Emily Dickinson’s Complex View of Religion

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Essay #: 058594
Total text length is 8,795 characters (approximately 6.1 pages).

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The beginning:
Emily Dickinson's Complex View of Religion
Emily Dickinson’s poetry expresses a diverse range of emotion and tone, veering from the exultant to the melancholy and often presenting the author's feelings in a way which is ambiguous and subject to debate among modern readers. Dickinson had complex views of religion and spirituality, which reflected not simply her unique historical place and time but, even more importantly, her own unique personality and attitudes which were somewhat at odds with those of people around her.
The small Massachusetts town of Amherst, where Dickinson and her family lived, was at the time of the poet's early life “ripe with revivals” that swept across the region, according to one scholar (Kirk 33). These nineteenth...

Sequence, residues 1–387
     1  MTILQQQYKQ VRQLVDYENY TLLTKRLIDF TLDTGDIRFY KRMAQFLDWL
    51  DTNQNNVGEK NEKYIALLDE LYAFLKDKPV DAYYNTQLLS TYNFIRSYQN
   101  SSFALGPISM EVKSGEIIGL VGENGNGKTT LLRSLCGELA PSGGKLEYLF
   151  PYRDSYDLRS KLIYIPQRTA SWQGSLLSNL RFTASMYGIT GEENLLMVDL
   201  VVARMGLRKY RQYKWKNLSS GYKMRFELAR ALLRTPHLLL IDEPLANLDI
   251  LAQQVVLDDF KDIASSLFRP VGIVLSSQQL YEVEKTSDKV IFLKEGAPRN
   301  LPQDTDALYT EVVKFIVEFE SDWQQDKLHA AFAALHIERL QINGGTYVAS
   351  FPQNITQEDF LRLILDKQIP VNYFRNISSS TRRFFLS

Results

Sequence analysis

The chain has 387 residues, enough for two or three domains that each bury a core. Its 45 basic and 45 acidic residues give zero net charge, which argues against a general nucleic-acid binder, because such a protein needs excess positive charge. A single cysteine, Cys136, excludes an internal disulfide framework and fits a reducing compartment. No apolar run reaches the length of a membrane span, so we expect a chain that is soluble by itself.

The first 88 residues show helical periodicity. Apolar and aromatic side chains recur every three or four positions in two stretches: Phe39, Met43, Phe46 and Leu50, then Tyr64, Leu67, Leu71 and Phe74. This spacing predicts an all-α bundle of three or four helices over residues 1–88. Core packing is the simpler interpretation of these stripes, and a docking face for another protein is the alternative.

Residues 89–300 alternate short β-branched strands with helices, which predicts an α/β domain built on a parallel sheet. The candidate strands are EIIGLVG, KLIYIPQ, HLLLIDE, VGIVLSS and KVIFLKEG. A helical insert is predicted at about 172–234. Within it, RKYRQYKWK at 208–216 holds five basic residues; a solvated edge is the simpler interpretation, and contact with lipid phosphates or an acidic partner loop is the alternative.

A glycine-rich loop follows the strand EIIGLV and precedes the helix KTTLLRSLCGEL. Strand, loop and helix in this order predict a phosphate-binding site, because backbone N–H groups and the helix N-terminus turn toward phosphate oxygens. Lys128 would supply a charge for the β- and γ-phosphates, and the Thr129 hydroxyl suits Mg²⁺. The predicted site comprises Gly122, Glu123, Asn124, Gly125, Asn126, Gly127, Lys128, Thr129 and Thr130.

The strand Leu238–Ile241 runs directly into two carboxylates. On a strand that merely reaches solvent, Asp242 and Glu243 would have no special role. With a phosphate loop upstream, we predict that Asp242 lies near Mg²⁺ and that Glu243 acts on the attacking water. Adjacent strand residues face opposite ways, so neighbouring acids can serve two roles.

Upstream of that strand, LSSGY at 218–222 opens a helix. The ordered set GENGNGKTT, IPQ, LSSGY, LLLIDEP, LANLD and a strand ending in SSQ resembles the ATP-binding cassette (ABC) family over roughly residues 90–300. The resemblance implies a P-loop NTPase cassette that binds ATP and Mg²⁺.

The end:
.....an Nurture.” The Emily Dickinson Journal 17:1 (Spring 2008), pp. 1-24. Accessed 20 March 2010 from:
<http://tinyurl.com/y8vajmg>.
Freedman, Linda. “'Meadows of Majesty': Baptism as Translation in Emily Dickinson’s Poetry.” The Emily Dickinson Journal 17:1 (Spring 2008), pp. 25-42. Accessed 20 March 2010 from:
<http://tinyurl.com/y8aum8s>.
Kirk, Connie Ann. Emily Dickinson: A Biography. Westport, CT: Greenwood Publishing, 2004.
Lundin, Roger. Emily Dickinson and the Art of Belief. Grand Rapids: Eerdmans, 2004.
Scheurich, Neil. Suffering and Spirituality in the Poetry of Emily Dickinson. Pastoral Psychology 56:2 (November 2007), pp. 189-197. Accessed 20 March 2010 from: <http://www.springerlink.com/content/666540214mn53653>.